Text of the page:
Photography by cottonbro studio Photography by cottonbro studio

US – Auburn University researchers have unveiled a fabric prototype that could keep wearers safe from mosquito bites. John Beckmann, an assistant professor of entomology and plant pathology, said his team have developed a unique knit with a geometric structure blocking the mosquito’s needle-like appendage used for biting. After programming different patterns on knitting machines and testing each fabric on themselves with live mosquitoes, they created a specific knit that can stretch and bend while leaving no openings for insects.

Protective yet comfortable, some graduate students have compared the prototype clothing made with a blend of Spandex and polyester to Lululemon leggings. The next step for the researchers is to improve comfort and find clothing manufacturers willing to license the knitting pattern. Beckmann told Fast Company the cost of production shouldn’t be substantially higher than typical textile manufacturing. The protective clothing could be a ground-breaking solution for developing countries facing malaria, dengue fever, West Nile virus and a high infant mortality rate due to vector-borne diseases.

In Safety Fits, we previously highlighted similar innovators merging functional gear with activism to turn clothes into modern-day armour.

Strategic opportunity

As temperatures rise and insects like mosquitoes proliferate, fashion brands should consider how to rethink their production line to enter this emerging market where clothes act as fashionable protection against climate change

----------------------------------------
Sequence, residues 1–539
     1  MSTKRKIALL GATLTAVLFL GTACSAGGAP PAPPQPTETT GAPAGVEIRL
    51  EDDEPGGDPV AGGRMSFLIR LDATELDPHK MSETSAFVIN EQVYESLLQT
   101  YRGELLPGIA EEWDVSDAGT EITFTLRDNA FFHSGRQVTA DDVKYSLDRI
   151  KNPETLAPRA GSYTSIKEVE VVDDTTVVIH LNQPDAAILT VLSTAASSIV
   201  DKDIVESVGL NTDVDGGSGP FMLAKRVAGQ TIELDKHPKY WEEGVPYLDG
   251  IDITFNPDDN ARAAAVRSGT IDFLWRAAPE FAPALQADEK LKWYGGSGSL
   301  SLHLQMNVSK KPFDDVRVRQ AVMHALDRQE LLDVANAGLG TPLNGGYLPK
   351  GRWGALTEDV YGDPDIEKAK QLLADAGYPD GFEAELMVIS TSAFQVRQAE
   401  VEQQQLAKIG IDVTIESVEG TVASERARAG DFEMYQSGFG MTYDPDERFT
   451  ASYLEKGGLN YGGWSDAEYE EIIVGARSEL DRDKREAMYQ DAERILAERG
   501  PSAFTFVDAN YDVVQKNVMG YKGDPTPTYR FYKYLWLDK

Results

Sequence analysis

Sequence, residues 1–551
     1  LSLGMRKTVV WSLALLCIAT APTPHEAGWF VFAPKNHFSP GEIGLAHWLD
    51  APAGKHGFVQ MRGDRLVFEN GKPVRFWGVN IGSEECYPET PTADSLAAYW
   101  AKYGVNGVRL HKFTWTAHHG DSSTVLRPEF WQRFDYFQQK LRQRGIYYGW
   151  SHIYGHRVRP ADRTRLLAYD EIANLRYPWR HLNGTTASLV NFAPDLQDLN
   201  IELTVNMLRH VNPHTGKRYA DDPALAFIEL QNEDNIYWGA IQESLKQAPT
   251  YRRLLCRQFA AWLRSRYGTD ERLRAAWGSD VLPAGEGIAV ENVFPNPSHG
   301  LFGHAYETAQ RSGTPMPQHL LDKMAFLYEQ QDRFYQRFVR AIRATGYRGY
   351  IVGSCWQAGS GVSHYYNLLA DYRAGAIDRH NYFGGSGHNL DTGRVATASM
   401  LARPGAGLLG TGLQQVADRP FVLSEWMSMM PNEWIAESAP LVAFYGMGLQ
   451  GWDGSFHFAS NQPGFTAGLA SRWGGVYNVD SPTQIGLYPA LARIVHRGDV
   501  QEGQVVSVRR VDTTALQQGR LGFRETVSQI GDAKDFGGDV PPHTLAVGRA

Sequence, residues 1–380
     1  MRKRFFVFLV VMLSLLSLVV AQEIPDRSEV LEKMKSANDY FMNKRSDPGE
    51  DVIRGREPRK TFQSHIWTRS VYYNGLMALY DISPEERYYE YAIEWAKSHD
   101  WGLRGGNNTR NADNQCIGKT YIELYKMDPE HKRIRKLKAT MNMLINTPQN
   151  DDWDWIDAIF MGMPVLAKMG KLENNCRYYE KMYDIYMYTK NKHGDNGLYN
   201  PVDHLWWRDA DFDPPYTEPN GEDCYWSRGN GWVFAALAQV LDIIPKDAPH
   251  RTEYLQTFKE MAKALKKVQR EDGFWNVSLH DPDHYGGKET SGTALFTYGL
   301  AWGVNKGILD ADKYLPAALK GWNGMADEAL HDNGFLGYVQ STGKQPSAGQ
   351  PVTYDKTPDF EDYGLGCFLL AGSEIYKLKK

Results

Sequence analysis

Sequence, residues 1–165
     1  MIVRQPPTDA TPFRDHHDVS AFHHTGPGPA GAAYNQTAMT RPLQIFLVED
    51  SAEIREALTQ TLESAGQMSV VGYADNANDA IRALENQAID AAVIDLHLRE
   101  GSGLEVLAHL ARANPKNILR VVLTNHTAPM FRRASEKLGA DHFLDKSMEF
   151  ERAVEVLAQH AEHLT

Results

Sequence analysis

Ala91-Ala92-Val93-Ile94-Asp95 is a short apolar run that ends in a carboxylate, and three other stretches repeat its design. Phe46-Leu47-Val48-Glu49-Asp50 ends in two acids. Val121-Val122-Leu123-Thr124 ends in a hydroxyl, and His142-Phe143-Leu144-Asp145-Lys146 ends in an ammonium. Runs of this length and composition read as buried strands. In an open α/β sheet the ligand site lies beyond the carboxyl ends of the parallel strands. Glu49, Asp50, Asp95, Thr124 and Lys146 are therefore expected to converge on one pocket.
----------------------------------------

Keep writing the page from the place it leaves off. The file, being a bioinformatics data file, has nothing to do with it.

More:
Stat: Employers underestimate number of disabled employees

Space10 Library. Photography by Seth Nicolas, Denmark Space10 Library. Photography by Seth Nicolas, Denmark

Global – According to a recent report by Boston Consulting Group, numerous global organisations are unaware of what proportion of their workforce consists of people with disabilities. The study compiled data from 28,000 employees across 16 countries and found that 25% of respondents have a disability or health condition that limits their daily activities, compared to the 4–7% estimated by most businesses. The Your Workforce Includes People with Disabilities. Does Your People Strategy? report observed that many companies are failing to consider the prevalence of disability in a post-pandemic world.

Across all countries surveyed, individuals with disabilities reported lower feelings of inclusion at work, not only when compared to co-workers without disabilities, but also in comparison with other groups who routinely form the focus of corporate equity and inclusion initiatives such as women, LGBTQ+ individuals and people of the global majority.

The report emphasises the need for organisations to invest in disability inclusion policies and practices. In our Work States Futures report, we looked at how workplaces of the future will enhance productivity by prioritising employee satisfaction. They will do this by creating a more sociable, wellness-orientated and inclusive environment.

Strategic opportunity

Creating an inclusive working environment is essential to harness the full potential of diverse talent and optimise workplace wellbeing and productivity. Consider how to establish initiatives that promote equitable policies and spread awareness on visible and invisible disabilities in the workplace